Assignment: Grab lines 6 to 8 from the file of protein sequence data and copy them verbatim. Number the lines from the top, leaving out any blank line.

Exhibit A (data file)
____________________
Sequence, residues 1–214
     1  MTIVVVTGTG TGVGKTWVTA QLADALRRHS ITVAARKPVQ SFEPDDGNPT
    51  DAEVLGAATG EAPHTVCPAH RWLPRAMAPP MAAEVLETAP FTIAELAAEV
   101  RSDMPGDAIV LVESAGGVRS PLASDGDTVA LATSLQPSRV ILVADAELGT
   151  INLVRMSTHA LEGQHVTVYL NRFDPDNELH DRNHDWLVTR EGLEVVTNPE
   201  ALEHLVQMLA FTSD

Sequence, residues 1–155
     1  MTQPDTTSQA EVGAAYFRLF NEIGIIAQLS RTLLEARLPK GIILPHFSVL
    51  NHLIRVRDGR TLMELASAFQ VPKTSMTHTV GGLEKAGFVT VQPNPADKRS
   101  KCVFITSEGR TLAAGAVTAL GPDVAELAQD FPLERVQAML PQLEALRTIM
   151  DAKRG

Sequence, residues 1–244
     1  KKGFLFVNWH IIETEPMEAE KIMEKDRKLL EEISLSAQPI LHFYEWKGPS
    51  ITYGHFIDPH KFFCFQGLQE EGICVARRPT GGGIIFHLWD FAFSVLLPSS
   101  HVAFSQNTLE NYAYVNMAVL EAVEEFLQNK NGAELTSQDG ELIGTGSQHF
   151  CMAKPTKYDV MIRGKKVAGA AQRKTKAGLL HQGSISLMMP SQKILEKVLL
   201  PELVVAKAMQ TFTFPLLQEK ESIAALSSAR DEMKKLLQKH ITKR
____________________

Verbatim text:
   201  ALEHLVQMLA FTSD

Sequence, residues 1–155
     1  MTQPDTTSQA EVGAAYFRLF NEIGIIAQLS RTLLEARLPK GIILPHFSVL